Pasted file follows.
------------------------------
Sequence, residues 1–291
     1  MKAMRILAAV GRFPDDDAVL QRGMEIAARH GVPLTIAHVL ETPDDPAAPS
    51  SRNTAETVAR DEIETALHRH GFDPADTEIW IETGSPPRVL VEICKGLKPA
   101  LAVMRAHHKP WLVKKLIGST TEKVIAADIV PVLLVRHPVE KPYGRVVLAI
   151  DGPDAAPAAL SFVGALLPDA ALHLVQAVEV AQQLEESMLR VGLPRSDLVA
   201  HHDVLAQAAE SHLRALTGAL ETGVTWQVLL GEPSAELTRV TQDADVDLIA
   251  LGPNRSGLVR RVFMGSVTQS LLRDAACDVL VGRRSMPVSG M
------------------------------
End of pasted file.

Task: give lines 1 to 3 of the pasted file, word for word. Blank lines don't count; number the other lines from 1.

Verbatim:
Sequence, residues 1–291
     1  MKAMRILAAV GRFPDDDAVL QRGMEIAARH GVPLTIAHVL ETPDDPAAPS
    51  SRNTAETVAR DEIETALHRH GFDPADTEIW IETGSPPRVL VEICKGLKPA